The Democratic Republic of the Congo’s election to replace President Joseph Kabila, who has ruled the country for nearly 18 years, has been delayed by a week to December 30, the country’s electoral commission announced Thursday.
Sunday’s long-awaited vote, which has been postponed repeatedly since 2016, was again pushed back amid political turmoil and one of the deadliest Ebola outbreaks in history.
Commissioners blamed a blaze that engulfed a warehouse housing electoral materials in the capital Kinshasa earlier this month, incinerating thousands of voting machines – 80% of the city’s stock.
An opposition coalition that has objected to the use of voting machines called for an investigation into the fire. The coalition, led by presidential candidate by Martin Fayulu, alleges the machines could aid vote-rigging.
Fayulu, a former Exxon executive, is one of two opposition candidates seen to pose the biggest threat to Kabila’s chosen successor, former interior minister Emmanuel Ramazani Shadary. The other is Felix Tshisekedi, leader of Congo’s largest opposition party, who was shown to be leading the race in an October poll by a New York University research group.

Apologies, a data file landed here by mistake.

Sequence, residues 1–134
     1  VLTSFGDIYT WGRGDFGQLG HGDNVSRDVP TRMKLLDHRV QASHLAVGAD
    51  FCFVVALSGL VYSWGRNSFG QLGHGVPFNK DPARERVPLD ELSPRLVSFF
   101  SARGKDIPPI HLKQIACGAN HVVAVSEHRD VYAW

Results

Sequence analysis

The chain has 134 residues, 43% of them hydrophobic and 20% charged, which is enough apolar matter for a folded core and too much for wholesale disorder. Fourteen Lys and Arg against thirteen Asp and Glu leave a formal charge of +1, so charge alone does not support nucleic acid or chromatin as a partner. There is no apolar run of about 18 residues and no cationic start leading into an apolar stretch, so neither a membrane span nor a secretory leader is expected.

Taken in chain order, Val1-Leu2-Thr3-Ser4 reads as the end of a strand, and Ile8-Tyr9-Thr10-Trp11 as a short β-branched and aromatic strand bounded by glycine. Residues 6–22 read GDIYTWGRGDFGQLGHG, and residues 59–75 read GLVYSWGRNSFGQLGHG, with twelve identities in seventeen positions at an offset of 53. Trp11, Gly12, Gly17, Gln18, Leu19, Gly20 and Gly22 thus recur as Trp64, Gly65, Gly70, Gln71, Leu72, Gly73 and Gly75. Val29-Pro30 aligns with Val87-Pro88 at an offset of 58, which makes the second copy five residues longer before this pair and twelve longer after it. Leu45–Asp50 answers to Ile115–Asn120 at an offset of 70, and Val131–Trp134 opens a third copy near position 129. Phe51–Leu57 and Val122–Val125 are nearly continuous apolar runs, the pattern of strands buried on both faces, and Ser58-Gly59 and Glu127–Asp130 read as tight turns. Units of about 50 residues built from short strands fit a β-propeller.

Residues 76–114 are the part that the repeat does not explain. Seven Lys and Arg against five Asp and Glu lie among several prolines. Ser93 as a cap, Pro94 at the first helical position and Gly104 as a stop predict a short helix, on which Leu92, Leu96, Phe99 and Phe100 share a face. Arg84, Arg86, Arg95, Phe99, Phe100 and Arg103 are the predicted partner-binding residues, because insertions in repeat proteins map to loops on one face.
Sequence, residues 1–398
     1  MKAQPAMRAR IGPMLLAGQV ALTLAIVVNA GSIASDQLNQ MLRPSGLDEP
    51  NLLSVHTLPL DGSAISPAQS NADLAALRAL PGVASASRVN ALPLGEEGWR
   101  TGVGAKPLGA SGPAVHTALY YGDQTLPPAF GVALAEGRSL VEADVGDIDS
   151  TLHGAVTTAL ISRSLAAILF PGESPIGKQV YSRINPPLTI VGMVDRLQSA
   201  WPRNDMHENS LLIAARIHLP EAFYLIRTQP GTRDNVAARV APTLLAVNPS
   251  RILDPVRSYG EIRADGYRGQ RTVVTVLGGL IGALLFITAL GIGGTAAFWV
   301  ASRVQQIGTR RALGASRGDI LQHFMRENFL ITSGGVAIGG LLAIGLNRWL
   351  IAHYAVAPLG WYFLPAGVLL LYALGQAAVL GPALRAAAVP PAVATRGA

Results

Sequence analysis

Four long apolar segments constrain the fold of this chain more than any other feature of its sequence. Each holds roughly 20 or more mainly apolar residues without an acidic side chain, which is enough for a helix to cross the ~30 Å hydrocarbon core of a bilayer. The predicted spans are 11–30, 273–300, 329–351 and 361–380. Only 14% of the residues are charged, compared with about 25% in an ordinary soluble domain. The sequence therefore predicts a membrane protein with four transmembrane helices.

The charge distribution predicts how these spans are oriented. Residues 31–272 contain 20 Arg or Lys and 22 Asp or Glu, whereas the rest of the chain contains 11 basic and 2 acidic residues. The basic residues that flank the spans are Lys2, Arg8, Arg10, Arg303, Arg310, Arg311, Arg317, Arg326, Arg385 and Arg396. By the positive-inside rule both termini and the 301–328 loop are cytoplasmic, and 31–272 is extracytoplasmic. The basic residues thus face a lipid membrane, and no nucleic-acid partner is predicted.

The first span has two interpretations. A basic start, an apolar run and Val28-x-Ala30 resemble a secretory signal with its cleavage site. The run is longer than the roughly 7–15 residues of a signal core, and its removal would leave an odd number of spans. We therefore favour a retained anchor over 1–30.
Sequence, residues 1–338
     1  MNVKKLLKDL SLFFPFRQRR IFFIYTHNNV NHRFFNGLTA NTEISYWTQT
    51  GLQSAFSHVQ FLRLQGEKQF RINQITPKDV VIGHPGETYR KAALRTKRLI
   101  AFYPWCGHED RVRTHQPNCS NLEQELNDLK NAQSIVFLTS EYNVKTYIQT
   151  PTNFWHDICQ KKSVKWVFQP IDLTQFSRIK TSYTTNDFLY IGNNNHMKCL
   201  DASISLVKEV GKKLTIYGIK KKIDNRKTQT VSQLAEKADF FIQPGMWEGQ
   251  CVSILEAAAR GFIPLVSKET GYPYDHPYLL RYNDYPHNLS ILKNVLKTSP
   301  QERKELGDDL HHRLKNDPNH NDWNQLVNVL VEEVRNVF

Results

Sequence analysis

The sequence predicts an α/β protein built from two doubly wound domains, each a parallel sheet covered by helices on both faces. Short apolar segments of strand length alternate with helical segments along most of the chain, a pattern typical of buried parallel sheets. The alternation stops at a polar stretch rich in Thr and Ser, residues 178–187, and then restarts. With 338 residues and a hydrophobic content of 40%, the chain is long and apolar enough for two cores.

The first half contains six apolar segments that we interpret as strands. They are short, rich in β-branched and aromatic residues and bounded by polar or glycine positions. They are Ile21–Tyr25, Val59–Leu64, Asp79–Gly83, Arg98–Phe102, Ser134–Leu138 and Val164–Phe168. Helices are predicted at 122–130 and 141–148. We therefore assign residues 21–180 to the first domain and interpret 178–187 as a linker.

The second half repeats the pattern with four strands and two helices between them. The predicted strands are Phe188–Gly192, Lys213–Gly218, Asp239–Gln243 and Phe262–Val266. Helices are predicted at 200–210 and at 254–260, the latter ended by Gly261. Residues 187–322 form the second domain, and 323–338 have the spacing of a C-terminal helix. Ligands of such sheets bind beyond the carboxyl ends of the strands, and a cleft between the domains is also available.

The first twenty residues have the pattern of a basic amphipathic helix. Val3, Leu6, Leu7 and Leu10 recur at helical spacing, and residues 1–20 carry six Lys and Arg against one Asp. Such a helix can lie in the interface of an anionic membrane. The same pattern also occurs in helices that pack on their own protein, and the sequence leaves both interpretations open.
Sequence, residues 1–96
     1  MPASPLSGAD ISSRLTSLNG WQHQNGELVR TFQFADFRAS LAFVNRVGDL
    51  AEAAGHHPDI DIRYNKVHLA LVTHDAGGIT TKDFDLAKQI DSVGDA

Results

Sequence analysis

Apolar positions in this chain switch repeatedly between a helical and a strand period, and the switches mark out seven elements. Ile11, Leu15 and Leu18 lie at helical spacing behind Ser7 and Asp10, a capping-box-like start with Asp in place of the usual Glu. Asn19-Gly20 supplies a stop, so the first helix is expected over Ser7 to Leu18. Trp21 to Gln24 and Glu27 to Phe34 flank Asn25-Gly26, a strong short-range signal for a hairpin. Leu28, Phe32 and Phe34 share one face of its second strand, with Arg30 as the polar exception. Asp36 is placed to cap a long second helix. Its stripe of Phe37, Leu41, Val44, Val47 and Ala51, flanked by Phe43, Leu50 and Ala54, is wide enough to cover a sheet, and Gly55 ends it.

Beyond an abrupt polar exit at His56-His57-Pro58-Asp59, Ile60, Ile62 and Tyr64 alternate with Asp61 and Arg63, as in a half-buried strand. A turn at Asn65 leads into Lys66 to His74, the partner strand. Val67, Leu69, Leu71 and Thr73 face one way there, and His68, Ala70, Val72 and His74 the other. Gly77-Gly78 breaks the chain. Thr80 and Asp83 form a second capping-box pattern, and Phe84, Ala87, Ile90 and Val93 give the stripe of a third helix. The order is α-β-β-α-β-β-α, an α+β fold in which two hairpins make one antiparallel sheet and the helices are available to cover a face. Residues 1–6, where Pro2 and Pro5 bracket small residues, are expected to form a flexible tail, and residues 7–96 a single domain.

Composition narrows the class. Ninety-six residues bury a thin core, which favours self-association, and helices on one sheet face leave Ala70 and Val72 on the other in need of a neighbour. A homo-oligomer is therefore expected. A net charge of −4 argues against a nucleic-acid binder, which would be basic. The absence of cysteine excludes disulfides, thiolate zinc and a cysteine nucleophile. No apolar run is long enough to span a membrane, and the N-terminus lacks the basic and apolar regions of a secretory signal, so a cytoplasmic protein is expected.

But Shadary, who is under EU sanctions, is expected to get a boost from the ruling coalition’s control of the media.
Voters in Congo are due to head to the polls following a violent campaign season, marred by several government crackdowns on opposition rallies that have drawn parallels with the 2006 and 2011 elections.
The move to delay the vote may further aggravate already high tensions. After the announcement Thursday, protesters gathered outside the entrance to the Independent National Election Commission (CENI) headquarters in Kinshasa.
Kabila, who said in August that he would not seek election for a third term, has maintained a fierce grip on the nation since taking over in 2001, after his father, Laurent Kabila, was assassinated. Kabila’s second term ended in 2016, but he refused to step down and tried to change the constitution to extend his tenure.